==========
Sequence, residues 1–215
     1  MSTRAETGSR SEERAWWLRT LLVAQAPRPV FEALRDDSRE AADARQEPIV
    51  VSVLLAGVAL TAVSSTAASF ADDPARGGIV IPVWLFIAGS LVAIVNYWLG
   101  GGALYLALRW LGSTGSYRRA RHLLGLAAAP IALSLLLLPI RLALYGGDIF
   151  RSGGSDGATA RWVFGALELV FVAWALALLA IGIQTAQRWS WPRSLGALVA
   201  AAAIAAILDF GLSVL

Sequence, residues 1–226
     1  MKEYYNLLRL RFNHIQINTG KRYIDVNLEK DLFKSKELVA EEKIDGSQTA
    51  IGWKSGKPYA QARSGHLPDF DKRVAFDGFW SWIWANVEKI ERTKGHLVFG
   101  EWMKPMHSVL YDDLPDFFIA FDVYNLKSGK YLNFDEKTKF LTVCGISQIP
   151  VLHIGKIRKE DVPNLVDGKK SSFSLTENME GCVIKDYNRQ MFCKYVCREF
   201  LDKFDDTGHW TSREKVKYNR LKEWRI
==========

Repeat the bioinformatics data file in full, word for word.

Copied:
Sequence, residues 1–215
     1  MSTRAETGSR SEERAWWLRT LLVAQAPRPV FEALRDDSRE AADARQEPIV
    51  VSVLLAGVAL TAVSSTAASF ADDPARGGIV IPVWLFIAGS LVAIVNYWLG
   101  GGALYLALRW LGSTGSYRRA RHLLGLAAAP IALSLLLLPI RLALYGGDIF
   151  RSGGSDGATA RWVFGALELV FVAWALALLA IGIQTAQRWS WPRSLGALVA
   201  AAAIAAILDF GLSVL

Sequence, residues 1–226
     1  MKEYYNLLRL RFNHIQINTG KRYIDVNLEK DLFKSKELVA EEKIDGSQTA
    51  IGWKSGKPYA QARSGHLPDF DKRVAFDGFW SWIWANVEKI ERTKGHLVFG
   101  EWMKPMHSVL YDDLPDFFIA FDVYNLKSGK YLNFDEKTKF LTVCGISQIP
   151  VLHIGKIRKE DVPNLVDGKK SSFSLTENME GCVIKDYNRQ MFCKYVCREF
   201  LDKFDDTGHW TSREKVKYNR LKEWRI